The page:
India v England: Heather Knight misses first ODI, Anya Shrubsole to lead
England captain Heather Knight will miss the first one-day international against India through injury, with Anya Shrubsole set to lead the side.
World champions England face India in three ODIs in Nagpur, with the first starting at 04:30 BST on Friday.
Knight, 27, remains sidelined by the hamstring problem that kept her out of the Twenty20 tri-series final defeat by Australia on Saturday.
"Anya has been itching for the chance to captain," said coach Mark Robinson.
Seamer Shrubsole, 26, who missed the entire tri-series with a shoulder injury, was named as England's vice-captain in June 2016 but is yet to skipper the side in a full international match.
"She is short of cricket herself so it's a good opportunity to get some under her belt and a chance to captain her country as well - what bigger honour can there be," Robinson told BBC Sport.
England are facing India in a 50-over match for the first time since beating them in last year's World Cup final, where Shrubsole took 6-46 in a thrilling nine-run victory.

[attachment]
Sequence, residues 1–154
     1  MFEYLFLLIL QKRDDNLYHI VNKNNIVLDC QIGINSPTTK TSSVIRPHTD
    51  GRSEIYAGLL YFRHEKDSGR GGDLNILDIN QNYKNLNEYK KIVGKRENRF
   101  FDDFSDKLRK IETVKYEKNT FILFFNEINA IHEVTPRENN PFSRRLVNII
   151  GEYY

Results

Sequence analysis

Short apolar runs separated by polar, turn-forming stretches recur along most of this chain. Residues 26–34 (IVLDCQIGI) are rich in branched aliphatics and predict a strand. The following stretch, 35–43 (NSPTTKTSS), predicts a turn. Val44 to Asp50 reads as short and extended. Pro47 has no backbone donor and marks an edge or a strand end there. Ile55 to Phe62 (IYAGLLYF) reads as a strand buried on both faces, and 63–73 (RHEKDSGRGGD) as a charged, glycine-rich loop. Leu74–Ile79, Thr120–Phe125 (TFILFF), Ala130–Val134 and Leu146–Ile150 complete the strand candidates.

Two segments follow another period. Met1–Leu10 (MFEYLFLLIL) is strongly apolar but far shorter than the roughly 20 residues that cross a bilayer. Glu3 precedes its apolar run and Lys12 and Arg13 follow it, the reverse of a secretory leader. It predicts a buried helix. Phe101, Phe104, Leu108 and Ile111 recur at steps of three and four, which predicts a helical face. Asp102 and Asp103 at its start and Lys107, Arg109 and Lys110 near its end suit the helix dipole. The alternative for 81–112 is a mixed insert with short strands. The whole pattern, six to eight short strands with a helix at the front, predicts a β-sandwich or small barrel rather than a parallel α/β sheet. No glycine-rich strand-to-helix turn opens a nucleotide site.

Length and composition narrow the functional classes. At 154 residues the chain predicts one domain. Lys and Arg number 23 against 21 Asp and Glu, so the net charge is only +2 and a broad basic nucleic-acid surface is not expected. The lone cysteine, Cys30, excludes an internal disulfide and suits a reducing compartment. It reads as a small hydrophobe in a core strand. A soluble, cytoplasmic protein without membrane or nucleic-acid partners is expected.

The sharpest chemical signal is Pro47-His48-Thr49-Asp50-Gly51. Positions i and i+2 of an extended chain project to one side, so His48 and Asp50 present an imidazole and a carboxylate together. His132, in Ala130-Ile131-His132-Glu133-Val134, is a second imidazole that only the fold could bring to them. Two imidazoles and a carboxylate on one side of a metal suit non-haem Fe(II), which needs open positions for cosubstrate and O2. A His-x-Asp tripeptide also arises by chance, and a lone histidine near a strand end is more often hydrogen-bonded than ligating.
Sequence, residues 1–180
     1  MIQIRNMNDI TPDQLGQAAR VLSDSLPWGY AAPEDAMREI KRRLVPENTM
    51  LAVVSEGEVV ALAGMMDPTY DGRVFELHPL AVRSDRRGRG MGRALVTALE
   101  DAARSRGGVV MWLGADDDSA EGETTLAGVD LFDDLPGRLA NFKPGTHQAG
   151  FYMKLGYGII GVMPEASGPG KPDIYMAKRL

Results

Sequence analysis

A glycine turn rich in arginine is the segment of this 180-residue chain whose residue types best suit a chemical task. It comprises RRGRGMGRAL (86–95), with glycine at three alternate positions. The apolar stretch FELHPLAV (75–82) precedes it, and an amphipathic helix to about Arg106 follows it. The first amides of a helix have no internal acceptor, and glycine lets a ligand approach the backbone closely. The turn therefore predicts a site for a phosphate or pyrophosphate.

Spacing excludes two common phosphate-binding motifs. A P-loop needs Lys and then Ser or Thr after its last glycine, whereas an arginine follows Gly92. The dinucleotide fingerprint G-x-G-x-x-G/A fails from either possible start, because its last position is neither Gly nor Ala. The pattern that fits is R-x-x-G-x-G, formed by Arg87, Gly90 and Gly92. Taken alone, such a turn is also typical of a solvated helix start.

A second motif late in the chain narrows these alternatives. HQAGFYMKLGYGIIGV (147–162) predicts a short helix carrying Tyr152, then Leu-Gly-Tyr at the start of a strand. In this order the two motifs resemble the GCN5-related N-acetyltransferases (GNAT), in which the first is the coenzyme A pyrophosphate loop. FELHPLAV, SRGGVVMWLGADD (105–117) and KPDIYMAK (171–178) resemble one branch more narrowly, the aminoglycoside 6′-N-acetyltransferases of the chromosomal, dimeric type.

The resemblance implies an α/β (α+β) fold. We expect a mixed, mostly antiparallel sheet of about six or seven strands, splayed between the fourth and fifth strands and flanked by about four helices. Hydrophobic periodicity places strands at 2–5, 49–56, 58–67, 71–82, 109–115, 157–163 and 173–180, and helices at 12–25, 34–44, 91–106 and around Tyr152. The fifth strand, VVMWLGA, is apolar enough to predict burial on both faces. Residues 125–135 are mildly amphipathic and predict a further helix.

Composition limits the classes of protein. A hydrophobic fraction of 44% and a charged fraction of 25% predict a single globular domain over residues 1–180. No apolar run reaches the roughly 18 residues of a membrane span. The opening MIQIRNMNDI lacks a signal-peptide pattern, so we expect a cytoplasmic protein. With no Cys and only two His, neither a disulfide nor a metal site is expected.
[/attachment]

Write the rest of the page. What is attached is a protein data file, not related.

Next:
Robinson added he is "looking for another tier to step forward" by giving opportunities to different players to "get some experience and hopefully win games for England" in a crucial year.
After the India series - which does not count towards the ICC Women's Championship standings - England have a busy summer programme.
They host South Africa and New Zealand for three ODIs apiece, while the three sides will also contest a T20 tri-series as they build towards the standalone Women's World Twenty20 in the West Indies in November.
"With the likes of Amy Jones, Fran Wilson and Georgia Elwiss - you want them to stand up and do a performance that puts a marker down," added Robinson.
"There is a group of players who want to do something special to show there is not always pressure on Nat Sciver or Heather Knight to perform."
Having played the tri-series at Mumbai's Brabourne Stadium, Robinson is expecting different playing conditions at the VCA Stadium in Nagpur.
"The wickets are very dry and the outfield is not as quick," he said.
"We're going to get trial by spin and trial by small spinners, who do not make the ball bounce much so that's going to be a challenge for our batters.
"It allows India to set very straight fields and you've got to be careful going across the ball, so it's up to the batters to use angles, use the crease and be inventive to try and move the fielders and create gaps."